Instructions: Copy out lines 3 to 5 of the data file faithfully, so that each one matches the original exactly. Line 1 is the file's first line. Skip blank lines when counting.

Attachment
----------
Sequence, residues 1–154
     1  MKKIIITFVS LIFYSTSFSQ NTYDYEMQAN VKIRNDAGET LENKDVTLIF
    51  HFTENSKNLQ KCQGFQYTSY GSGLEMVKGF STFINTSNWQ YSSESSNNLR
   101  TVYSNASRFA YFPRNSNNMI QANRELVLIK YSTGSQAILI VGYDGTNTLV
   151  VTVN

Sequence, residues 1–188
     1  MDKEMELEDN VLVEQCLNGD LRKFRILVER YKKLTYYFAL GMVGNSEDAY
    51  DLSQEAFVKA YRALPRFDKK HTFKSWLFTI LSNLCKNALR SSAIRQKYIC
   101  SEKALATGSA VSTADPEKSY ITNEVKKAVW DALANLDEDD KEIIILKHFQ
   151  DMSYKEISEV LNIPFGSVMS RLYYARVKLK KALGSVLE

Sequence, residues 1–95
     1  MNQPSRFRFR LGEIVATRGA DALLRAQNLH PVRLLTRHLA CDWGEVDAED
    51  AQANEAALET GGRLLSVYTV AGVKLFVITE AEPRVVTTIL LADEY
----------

    51  HFTENSKNLQ KCQGFQYTSY GSGLEMVKGF STFINTSNWQ YSSESSNNLR
   101  TVYSNASRFA YFPRNSNNMI QANRELVLIK YSTGSQAILI VGYDGTNTLV
   151  VTVN